I am looking for a security-centered Linux OS that allows you to take the /boot partition on a thumb-drive to alleviate concerns of an Evil Maid Attacks! What OS is it easy to remove the /boot partition and carry on a thumb-drive? How would you go about removing the /boot partition, and automatically mounting the thumb-drive so the computer will boot?

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    The bootloader is not the same as /boot. A bootloader is what's responsible for bringing up the kernel, while /boot/ contains the kernel itself. The bootloader is what's attacked in an Evil Maid attack
    – Daisetsu
    Dec 2, 2018 at 21:11
  • Is it possible to have the boot-loader on a thumb-drive? The problem with encrypted disks in my experience is that any individual with physical access to the machine can restart the computer, and install the look alike boot-loader in order to capture your disk-encryption password. The only known solution that is simple that I am aware of is to keep a text document open with text only known to you. Unless a key-logger is physically installed in your keyboard, or there are pinhole cameras over-looking your keyboard. @Daisetsu Dec 2, 2018 at 21:48
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    Update: safesploit answered this question in his reply! I should have read all replies first before asking another follow-up question. Thanks! @Daisetsu Dec 2, 2018 at 21:50
  • @BestReasonofWiseMen Yes, it is possible to put the bootloader on the thumb drive.
    – forest
    Dec 3, 2018 at 3:19
  • @Daisetsu You can even boot using only a bootloader and no separate boot partition.
    – forest
    Dec 3, 2018 at 3:19

1 Answer 1


This idea has been answered before on Unix StackExchange. Furthermore, you can do this yourself with nearly any Linux based distribution. Also, for insight What is the /boot partition really for?.

Preparing a USB flash drive to store /boot/. So, then you will specify your BIOS to boot from the USB drive to access the GRUB bootloader and the Linux kernel, instead of the storage drive where the OS is installed.

(1) Prepare your usb flash boot-device under existing Debian installation using package gnome-disk-utility the following way (which is not necessarily the only way but tested and works for me).

(1.1) Format device with MBR scheme.

(1.2) Create single ext2 partition making it occupy all available space.

(1.3) After step 1.2 completes go to "Edit partition" and set the bootable flag.

(2) Install Debian using its standard installer.

(2.1) Boot your installation media, i.e. Debian installation cd/dvd or another usb stick with .iso image written on it.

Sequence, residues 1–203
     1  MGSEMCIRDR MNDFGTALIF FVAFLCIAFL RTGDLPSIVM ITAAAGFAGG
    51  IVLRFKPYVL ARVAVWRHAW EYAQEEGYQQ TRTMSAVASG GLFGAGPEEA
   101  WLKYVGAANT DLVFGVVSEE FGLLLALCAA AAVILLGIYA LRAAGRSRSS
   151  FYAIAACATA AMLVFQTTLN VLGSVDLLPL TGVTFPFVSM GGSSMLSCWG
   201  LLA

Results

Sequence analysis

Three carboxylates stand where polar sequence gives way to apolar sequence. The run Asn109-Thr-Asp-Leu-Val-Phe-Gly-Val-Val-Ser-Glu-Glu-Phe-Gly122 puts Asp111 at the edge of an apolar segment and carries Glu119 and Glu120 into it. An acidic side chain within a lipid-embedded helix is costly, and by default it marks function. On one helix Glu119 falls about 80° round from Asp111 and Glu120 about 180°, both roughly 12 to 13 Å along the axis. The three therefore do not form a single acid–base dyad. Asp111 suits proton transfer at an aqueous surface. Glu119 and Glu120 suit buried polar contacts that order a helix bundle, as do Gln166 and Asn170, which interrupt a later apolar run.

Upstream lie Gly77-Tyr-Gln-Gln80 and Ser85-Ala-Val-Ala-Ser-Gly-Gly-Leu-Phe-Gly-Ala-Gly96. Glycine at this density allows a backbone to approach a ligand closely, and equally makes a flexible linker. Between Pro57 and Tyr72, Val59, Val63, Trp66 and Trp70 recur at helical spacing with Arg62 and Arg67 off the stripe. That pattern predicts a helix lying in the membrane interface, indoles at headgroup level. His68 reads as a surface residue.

(2.2) Choose country/language, setup users and passwords, answer all the routine questions (no interest here) till disk partition dialog.

(2.3) Select manual partitioning.

(2.4) Create your raid/lvm/encrypted volumes on your main disk drive. On top of it there will be a file system, probably ext4.

(2.5) Go to properties of this file system and select mount as / and "done with this partition".

(2.7) Find the usb stick in the list, it should have ext2 on it.

(2.8) Go to its properties and select mount as /boot and optionally noatime in additional flags. There is an option of formatting the partiton, DO NOT do it! "Keep the files".

(2.9) Select "Done with this partition".

(2.10) Select "Finish partitioning" or similar, installation process should continue with some dialogs that are straightforward.

(2.11) After a few other dialog that are straightforward and not of our interest here, there will be a dialog with a question where to install GRUB, which you should agree to install in your /dev/sdX, where X is your usb boot flash.

The key part is LUKS cannot encrypt /boot/. So, this is vulnerable to modification. Instead, we will move the /boot/ partition onto another storage device, particularly a USB flash drive due to portability and boot from it to then load and decrypt the OS. However, this USB drive is still unencrypted and vulnerable to unauthorised modifications.

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    This isn't true. You absolutely can encrypt /boot with LUKS, as long as you use a bootloader like GRUB2 that supports LUKS. I actually have my boot partition encrypted with it.
    – forest
    Dec 3, 2018 at 3:20
  • Do you know of any OS's that use GRUB2? If the /boot partition is encrypted, then evil maid attacks are no longer a concern? @forest Dec 3, 2018 at 15:28
  • @forest While /boot/ is being used for both the bootloader (GRUB) and the kernel, it wasn't possible. We can see the GRUB is what needs to be moved, but I was opting for a method which the OS installer would do the work for us. @BestReasonofWiseMen Debian uses GRUB2.
    – safesploit
    Dec 3, 2018 at 22:34
  • @BestReasonofWiseMen No, evil maid attacks are still a concern even with an encrypted /boot, since an attacker could simply modify the bootloader. You'd have to use something like this to mitigate that issue, or keep the bootloader on an external USB stick.
    – forest
    Dec 4, 2018 at 1:39

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